"Cyber Incidents Suspected of Impacting Private Sector Networks," the federal cyber watchdog warned U.S. corporate information technology staff to update security software to block Internet traffic from a dozen Web addresses after spear-phishing attacks. "The level of sophistication and scope of these cyber security incidents indicates they are coordinated and targeted at private-sector systems," says the report. Among the sites named: Peng's, as well as his,, and Homeland Security and U.S. CERT declined to discuss the report.

Peng says he has no idea hackers are using his service to send and control malicious code. "Are there a lot?" he says when asked why so many hackers use He says his business is not responsible for cyber attacks on U.S. computers. "It's like we have paved a road and what sort of car [users] drive on it is their own business," says Peng, who adds that he spends most of his time these days developing Internet telephony for his new software firm, Bitcomm Software Tech Co. Peng says he was not aware that several of his Web sites and Internet addresses registered through them were named in the U.S. CERT report. On Apr. 7, he said he planned to shut the sites down and contact the U.S. agency. Asked by BusinessWeek to check his database for the person who registered the computer at the domain name, Peng says it is registered to Gansu Railway Communications, a regional telecom subsidiary of China's Railways Ministry. Peng declined to provide the name of the registrant, citing a confidentiality agreement. "You can go through the police to find out the user information," says Peng.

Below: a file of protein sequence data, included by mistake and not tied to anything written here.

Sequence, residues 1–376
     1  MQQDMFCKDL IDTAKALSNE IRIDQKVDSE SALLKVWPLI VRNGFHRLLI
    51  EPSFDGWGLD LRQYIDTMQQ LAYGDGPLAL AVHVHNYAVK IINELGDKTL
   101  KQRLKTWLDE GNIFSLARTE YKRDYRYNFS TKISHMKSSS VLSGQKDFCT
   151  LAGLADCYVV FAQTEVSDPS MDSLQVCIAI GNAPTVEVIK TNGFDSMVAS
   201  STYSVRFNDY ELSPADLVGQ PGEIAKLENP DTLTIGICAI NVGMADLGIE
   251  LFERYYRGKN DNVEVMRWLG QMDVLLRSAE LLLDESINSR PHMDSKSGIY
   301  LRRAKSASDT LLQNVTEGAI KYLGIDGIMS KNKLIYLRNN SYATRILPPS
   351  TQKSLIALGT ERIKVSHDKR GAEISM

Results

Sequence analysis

U.S. cyber security experts say it's doubtful that the Chinese government would allow the high volume of attacks on U.S. entities from China-based computers if it didn't want them to happen. "China has one of the best-controlled Internets in the world. Anything that happens on their Internet requires permission," says Cyber Defense Group's Saydjari. The Chinese government spokesman declined to answer specific questions from BusinessWeek about

But Peng says he can do little if hackers exploit his goodwill—and there hasn't been much incentive from the Chinese government for him to get tough. "Normally, we take care of these problems by shutting them down," says Peng. "Because our laws do not have an extremely clear method to handle this problem, sometimes we are helpless to stop their services." And so, it seems thus far, is the U.S. government.

Grow is a correspondent in BusinessWeek's Atlanta bureau . Epstein is a correspondent in BusinessWeek's Washington bureau. Tschang is a correspondent in BusinessWeek's Beijing bureau.

Even more astute moves from Congress

Spy Act Only Protects Vendors and Their DRM

By Ed Foster
April 24, 2007

Here we go again. Congress has decided it needs to protect us from spyware, but - surprise, surprise - the bill they are most seriously considering actually offers no help in that regard. What's worse, the bill seems designed to make it harder for you to legally go after those who spy on you, particularly if they are doing so to determine if you're authorized to use a software product.